- "From 1937–45 [Father John C.] Ford [S.J.] was Professor of Moral Theology at his alma mater, Weston College ....In 1944 he published a forty-nine page article cogently arguing that the rights of the innocent were being violated by the obliteration bombing which the United States and the United Kingdom were even then conducting. In 1945, having mentioned in 'Notes on Moral Theology' the atrocities committed by the Soviets, Nazis, and Japanese, Ford spoke bluntly of 'the greatest and most extensive single atrocity in the history of all this period, our atomic bombing of Hiroshima and Nagasaki'" (http://www.twotlj.org/Ford.html)
As per a 1996 article by Robert Aufill in This Rock magazine,
- Father Ford was "one of the earliest Catholic proponents of addressing alcoholism as a problem having spiritual, physiological, and psychological, dimensions. Ford said that alcohol addiction is a pathology which is not consciously chosen, but he rejected the deterministic idea that alcoholism is solely a disease without any moral component....Ford's contribution to AA was therefore twofold: He drew on both religion and psychology to show alcoholism as a synthetic problem requiring a synthetic remedy, and he took seriously the quasi-compulsive nature of addiction while rejecting both absolute determinism and the attendant pitfalls of a purely therapeutic approach....In so many ways, Ford's approach to addiction and recovery remains a model of spiritual discernment for our own time."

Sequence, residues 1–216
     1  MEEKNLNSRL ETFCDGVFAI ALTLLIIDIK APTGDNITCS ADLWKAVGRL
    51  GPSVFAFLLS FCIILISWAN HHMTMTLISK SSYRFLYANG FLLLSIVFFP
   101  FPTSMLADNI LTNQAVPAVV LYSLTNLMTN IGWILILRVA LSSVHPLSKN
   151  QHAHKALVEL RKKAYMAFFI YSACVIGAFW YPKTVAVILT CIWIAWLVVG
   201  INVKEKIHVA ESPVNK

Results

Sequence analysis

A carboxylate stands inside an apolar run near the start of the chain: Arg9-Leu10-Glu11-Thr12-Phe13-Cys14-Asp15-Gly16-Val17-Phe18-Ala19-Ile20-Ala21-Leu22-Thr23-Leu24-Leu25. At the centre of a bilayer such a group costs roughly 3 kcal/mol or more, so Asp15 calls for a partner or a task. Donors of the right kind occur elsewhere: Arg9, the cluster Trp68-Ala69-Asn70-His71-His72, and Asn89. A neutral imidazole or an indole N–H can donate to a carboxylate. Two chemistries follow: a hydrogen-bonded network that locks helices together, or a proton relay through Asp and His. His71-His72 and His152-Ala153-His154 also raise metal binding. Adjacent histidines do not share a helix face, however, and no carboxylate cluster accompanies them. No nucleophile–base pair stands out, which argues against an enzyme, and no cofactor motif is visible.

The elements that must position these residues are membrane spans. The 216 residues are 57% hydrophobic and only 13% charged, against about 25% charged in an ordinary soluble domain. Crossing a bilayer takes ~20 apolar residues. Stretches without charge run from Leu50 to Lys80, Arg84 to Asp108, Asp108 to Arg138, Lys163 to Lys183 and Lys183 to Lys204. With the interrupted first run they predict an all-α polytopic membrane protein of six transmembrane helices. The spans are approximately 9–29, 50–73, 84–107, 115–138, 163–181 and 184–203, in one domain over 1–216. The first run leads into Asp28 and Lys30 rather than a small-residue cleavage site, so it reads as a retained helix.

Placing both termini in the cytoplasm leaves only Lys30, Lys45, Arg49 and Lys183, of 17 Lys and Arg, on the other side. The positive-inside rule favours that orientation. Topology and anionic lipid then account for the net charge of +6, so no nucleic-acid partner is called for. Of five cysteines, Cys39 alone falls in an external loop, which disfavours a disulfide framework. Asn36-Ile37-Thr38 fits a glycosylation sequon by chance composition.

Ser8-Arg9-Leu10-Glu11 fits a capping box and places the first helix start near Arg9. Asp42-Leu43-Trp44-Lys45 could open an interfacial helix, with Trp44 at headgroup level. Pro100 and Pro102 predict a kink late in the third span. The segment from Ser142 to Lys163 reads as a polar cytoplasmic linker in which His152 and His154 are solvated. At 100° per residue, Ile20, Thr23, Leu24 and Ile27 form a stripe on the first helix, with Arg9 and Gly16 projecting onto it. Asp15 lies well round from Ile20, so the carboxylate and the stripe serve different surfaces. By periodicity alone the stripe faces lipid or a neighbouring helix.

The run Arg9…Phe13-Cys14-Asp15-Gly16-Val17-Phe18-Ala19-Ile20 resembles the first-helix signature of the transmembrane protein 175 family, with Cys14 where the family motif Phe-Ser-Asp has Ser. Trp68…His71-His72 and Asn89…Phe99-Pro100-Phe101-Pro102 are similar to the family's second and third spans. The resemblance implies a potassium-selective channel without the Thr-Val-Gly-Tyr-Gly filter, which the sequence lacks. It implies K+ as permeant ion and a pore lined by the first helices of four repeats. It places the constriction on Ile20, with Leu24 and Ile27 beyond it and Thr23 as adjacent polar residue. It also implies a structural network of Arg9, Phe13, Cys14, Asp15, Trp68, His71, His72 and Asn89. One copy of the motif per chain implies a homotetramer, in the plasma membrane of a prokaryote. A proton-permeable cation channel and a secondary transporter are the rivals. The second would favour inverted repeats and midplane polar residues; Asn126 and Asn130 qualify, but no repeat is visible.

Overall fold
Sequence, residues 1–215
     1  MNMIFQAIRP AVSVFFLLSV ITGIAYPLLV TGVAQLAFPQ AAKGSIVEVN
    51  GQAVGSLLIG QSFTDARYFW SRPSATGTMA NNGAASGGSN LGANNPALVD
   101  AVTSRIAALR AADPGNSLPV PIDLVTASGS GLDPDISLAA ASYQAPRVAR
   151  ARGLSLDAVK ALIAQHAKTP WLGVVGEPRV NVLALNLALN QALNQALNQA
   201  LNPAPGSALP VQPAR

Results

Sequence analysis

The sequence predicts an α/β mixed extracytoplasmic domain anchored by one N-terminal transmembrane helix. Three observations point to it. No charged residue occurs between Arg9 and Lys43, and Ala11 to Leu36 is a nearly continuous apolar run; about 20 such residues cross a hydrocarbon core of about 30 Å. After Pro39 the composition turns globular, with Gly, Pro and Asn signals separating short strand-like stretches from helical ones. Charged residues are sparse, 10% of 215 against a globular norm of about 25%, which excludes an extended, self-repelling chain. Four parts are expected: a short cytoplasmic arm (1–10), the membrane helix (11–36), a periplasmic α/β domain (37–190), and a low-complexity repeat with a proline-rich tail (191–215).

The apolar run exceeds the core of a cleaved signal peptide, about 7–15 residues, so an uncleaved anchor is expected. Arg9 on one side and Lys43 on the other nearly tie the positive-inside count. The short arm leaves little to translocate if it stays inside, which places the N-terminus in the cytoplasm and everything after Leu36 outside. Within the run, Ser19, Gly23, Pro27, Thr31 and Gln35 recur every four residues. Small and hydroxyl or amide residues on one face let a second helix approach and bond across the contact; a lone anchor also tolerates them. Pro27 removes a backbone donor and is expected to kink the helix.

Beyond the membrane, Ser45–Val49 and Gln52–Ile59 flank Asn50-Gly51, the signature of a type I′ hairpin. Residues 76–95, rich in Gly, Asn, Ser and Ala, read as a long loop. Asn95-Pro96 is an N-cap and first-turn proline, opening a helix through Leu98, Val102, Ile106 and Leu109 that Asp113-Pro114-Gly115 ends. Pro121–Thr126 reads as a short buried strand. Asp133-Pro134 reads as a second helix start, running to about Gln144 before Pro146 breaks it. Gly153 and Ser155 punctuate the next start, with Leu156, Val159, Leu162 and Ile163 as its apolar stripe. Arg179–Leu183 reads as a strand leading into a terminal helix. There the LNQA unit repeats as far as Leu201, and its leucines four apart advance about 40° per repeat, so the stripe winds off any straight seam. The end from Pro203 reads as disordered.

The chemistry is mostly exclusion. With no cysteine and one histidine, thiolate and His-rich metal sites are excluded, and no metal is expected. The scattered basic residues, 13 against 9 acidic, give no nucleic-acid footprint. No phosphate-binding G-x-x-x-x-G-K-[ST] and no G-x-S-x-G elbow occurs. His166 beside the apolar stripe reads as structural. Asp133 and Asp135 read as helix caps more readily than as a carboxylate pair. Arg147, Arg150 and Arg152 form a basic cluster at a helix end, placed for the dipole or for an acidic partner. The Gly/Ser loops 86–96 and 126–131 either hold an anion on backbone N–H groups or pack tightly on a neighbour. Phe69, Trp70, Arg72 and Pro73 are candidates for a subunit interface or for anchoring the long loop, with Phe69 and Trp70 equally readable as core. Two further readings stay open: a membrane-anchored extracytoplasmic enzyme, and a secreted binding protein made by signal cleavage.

Dr. Germain Grisez collaborated closely with Father Ford, in defense of the Church's constant teaching on marriage and sexuality, including the absolutee exclusion of contraceptives. Grisez's position on contraception was explained by Russell Shaw in a 1996 Catholic World Report article:
- "In much over-simplified terms, the argument is this: The choice to contracept is a choice against the human good of procreation and as such can never be justified, since it is never morally right to turn one's will against a good of the person, not even for the sake of some other good...
- "From June 1965, on, Grisez collaborated closely with Ford on [so-called papal birth control] commission-related work....[After Humanae Vitae,] The Archdiocese of Washington, DC rapidly became a center and focal point for...dissent....Cardinal Patrick O'Boyle....called in John Ford to help, and Ford called in Grisez."